The election took place on August 9. The results were announced a week later amid a raucous ceremony conducted by the Independent Electoral and Boundaries Commission (IEBC), the vice-Chair of which declared Ruto as winner with 50.5 percent of the votes, enough of a margin to preclude a re-run. Odinga received 48.8 percent of the vote and immediately cried foul. The IEBC process turned to farce when three of its seven members refused to endorse the results and walked out of the ceremony. The issue went to the Supreme Court and in early September it upheld Ruto’s victory. The decision was sensible in that it avoided yet more uncertainty, to say nothing of the cost of a re-run and the potential for civil unrest. The Court also averred that there was no evidence of “discrepancies, irregularities or interferences” as alleged by Odinga. That was clearly going a bit far: this is Africa, and this is Kenya. Irregularity was demonstrated by both sides – technical failures, bribery and vote-buying.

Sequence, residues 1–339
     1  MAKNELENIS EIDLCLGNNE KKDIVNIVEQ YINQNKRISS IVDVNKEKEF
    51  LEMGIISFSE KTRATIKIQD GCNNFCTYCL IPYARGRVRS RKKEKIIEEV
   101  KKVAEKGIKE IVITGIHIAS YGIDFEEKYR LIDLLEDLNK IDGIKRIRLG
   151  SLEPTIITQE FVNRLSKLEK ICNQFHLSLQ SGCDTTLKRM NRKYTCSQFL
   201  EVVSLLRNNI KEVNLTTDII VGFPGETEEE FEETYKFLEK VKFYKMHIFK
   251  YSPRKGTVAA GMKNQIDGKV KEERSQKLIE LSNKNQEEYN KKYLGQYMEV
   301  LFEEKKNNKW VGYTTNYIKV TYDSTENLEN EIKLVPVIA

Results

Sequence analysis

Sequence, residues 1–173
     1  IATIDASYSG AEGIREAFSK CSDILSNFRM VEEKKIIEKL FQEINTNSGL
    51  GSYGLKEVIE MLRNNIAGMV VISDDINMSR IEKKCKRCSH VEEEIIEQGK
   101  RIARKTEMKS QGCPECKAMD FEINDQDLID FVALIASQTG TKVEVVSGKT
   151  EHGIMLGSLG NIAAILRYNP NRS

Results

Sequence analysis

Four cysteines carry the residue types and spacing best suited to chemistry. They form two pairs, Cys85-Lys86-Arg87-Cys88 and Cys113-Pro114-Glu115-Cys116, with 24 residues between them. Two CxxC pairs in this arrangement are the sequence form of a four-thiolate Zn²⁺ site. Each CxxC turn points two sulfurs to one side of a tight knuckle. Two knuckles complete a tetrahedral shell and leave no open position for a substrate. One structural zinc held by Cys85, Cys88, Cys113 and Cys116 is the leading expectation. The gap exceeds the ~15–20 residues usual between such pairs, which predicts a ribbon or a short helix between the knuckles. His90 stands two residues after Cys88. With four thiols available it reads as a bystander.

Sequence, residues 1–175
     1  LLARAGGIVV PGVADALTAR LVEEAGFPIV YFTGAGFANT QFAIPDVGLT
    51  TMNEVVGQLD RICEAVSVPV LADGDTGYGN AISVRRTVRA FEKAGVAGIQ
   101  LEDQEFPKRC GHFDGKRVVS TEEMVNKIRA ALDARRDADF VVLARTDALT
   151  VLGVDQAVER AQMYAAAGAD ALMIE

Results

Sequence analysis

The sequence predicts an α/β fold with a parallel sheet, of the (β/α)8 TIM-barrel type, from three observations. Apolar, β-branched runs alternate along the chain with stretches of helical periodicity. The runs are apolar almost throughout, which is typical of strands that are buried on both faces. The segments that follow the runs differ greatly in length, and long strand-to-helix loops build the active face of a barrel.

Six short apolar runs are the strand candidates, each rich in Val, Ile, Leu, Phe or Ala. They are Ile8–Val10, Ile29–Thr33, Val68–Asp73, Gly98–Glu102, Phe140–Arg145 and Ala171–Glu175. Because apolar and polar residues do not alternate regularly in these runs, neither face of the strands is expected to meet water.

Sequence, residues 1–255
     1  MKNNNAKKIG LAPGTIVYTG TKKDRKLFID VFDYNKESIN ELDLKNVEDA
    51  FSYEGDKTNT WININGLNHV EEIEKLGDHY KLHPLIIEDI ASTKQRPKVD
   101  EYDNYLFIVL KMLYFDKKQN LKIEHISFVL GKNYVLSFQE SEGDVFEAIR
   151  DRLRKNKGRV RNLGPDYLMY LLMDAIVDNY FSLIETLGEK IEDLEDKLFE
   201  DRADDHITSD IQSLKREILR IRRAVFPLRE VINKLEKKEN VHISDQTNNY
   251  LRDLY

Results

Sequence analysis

The bottom line is that we have a new President. The election, the announcement of the result, the reaction to the Supreme Court ruling, and Ruto's inauguration were all peaceful. This was in marked contrast to 2007 when over a thousand people were killed during largely inter-ethnic blood-letting. In that election, Odinga almost certainly won, though he has lost all three elections since. Evidence of rigging in 2007 was manifest and Mwai Kibaki, a Gikuyu, was proclaimed the fourth president. Peace was only secured after a compromise was reached: Odinga was offered the newly-created post of Prime Minister, a position of little power under an executive president and since abolished. William Ruto, a Kibaki supporter and subsequently a minister in Kibaki’s government, was indicted for crimes against humanity at the ICC in The Hague. However, he and other indicted Kenyans were all absolved, almost certainly because he was one of many on both sides who were equally guilty.